Taliban: US has conceded too much said Afghan vice-president

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US has conceded too much to the Taliban. Amrullah Saleh says the American mission which began 20 years ago is not yet accomplished. Last year President Donald Trump made a peace deal with the Taliban and agreed to drastically reduce US troops.

Mr. Saleh says the pull-out risks more violence in an unstable country. The Afghan government has been battling the Taliban, a hard-line Islamic movement, as the group tries to tighten its grip on parts of the country. The current US presence in Afghanistan dates to 2001 when soldiers invaded to remove the Taliban from power, following the 9/11 terrorist attacks.

But the movement regrouped and by 2018 was active in more than two-thirds of Afghanistan, threatening the elected government. Thousands have been killed, including 2,400 US soldiers. Mr. Trump has been clear that he is determined to withdraw all US troops from the country. Vice-President Saleh told the sources that the US talks with the Taliban were not a mistake in themselves, but that Mr. Trump’s administration made an error in giving the group’s a “massive concession”.

The deal signed in February 2020 said that the US and its Nato allies will withdraw all troops in 14 months if the Taliban upholds its promise to stop attacks. The Taliban also promised not to allow al-Qaeda or other militants to operate in areas it controls. As a condition of starting negotiations with the Afghan government, the Taliban demanded that 5,000 of their men be released from Afghan prisons. The final 400 prisoners were set free in August last year.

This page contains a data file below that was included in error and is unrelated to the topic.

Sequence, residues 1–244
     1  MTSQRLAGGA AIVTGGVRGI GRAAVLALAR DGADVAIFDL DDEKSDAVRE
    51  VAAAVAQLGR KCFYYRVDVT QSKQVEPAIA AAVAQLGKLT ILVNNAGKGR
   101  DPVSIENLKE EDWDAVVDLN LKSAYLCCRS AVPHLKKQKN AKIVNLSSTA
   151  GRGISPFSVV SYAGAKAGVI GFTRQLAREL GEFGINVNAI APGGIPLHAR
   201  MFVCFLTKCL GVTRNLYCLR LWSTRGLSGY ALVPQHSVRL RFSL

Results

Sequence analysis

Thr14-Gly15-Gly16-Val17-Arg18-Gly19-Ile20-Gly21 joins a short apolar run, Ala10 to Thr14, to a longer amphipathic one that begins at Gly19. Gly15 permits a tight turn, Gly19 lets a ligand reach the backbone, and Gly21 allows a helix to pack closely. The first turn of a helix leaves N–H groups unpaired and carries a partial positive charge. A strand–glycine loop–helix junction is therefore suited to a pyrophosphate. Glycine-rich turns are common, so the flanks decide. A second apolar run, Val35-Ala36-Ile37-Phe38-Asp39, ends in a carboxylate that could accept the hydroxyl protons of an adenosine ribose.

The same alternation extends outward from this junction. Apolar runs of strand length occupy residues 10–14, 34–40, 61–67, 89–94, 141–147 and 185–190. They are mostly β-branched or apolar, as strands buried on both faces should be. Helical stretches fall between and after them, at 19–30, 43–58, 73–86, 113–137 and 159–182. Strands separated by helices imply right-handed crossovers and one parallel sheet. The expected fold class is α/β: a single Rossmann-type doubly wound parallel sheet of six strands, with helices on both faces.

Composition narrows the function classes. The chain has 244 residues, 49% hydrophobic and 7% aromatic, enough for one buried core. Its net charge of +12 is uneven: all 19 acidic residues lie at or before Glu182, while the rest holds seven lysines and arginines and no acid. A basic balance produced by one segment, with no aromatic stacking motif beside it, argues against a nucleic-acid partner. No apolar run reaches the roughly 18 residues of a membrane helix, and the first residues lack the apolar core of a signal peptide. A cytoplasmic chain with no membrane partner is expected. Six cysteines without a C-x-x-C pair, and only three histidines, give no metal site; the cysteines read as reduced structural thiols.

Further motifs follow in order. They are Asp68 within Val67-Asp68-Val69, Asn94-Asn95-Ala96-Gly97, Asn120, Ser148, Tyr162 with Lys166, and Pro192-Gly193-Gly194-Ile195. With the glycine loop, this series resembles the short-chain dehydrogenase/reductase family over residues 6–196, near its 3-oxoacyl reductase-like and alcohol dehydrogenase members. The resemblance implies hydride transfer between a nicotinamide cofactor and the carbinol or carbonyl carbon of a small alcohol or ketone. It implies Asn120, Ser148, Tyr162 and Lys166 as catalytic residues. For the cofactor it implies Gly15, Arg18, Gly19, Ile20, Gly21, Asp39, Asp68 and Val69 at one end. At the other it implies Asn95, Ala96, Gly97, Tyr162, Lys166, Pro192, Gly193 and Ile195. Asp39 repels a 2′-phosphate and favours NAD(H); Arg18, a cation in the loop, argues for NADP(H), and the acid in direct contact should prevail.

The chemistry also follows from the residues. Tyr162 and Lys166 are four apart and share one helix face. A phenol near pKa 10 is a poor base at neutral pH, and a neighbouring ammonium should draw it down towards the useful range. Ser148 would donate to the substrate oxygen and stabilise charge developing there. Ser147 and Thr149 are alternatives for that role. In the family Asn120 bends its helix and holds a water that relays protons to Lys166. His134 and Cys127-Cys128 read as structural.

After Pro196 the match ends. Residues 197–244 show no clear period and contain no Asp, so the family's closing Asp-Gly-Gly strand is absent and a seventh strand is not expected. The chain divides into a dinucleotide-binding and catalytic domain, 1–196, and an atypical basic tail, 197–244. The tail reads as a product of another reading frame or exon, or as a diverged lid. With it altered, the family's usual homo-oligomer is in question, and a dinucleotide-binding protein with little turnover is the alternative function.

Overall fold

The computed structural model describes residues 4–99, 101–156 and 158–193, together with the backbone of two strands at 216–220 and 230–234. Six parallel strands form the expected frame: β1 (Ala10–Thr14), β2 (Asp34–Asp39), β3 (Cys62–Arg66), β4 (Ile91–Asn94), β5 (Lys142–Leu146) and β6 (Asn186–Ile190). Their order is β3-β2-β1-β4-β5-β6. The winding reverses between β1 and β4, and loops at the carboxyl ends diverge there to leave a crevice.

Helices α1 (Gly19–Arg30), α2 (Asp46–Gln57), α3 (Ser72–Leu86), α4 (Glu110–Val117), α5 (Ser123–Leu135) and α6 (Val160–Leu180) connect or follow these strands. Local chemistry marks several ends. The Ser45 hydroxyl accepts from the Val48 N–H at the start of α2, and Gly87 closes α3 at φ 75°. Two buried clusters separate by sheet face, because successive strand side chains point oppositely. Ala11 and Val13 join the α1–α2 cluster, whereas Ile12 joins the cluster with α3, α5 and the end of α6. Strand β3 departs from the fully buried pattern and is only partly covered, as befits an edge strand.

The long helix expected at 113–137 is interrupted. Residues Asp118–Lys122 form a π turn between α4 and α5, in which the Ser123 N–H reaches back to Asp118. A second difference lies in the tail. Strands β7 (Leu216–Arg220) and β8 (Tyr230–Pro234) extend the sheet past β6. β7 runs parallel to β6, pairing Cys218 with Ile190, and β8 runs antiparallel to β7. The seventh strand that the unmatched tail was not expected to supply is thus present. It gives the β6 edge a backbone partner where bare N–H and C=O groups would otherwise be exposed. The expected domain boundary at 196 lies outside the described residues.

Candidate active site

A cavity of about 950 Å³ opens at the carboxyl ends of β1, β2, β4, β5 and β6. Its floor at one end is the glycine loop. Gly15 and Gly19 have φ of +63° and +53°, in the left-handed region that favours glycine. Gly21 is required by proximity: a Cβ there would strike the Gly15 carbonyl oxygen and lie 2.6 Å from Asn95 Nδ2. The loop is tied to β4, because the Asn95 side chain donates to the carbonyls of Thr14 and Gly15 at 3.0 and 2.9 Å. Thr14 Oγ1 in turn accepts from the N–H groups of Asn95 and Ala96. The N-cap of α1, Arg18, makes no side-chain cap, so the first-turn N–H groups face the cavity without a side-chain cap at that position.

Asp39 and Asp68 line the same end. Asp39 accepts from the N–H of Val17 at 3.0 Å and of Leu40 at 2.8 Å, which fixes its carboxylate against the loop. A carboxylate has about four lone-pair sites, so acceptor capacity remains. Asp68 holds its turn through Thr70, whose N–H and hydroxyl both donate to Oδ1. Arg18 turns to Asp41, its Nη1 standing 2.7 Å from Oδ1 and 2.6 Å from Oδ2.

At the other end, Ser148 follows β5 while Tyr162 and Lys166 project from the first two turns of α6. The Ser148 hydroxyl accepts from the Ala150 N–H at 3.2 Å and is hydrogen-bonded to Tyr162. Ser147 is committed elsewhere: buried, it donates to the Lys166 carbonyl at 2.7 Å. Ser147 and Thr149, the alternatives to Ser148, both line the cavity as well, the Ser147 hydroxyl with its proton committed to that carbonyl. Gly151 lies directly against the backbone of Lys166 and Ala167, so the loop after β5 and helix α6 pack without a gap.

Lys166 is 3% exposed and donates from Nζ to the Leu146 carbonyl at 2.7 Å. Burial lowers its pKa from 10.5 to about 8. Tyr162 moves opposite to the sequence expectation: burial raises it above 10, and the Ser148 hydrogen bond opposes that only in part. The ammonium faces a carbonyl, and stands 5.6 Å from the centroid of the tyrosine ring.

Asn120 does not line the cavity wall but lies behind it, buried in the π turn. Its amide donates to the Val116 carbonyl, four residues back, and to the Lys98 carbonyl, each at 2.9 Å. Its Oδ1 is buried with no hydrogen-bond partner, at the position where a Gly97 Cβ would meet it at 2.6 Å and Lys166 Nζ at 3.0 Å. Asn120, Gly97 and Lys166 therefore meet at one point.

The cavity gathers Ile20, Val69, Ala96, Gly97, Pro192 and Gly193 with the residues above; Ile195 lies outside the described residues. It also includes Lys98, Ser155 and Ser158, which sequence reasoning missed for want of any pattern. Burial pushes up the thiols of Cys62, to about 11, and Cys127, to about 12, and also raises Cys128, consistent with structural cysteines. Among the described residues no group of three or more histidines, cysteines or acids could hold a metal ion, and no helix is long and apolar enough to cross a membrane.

Following the historic agreement, the attack by Taliban insurgents on international forces stopped, but fighting with Afghan security forces continued.

Mr. Saleh said that the group had not separated itself from the terror group al-Qaeda whose leaders are “embedded” inside the Taliban. In October senior UN officials agreed with the assessment that al-Qaeda and the Taliban remain close allies. He also added, Afghanistan is not begging US soldiers to stay and the government accepts America’s decision:

“We remain grateful for their assistance. But the fate of my country does not lie; with the last US military helicopter.” At the peak of the war, there were 88,000 US troops in Afghanistan. After the completion of the latest withdrawal on Friday, that number will be down to about 2,500.

The Taliban has told the sources if all foreign troops; do not withdraw by spring, as agreed by the Trump administration, they will resume attacks on international forces. The Afghan government has been in talks with the Taliban, but it’s unclear; if and when they will sign a peace deal.

Many fear that if foreign militaries withdraw before a lasting agreement is reached; the Taliban might be back in power.

Mr. Trump’s successor, Joe Biden, takes office on 20 January and one of his tasks will be to decide what happens to the final American soldiers reaming in Afghanistan.


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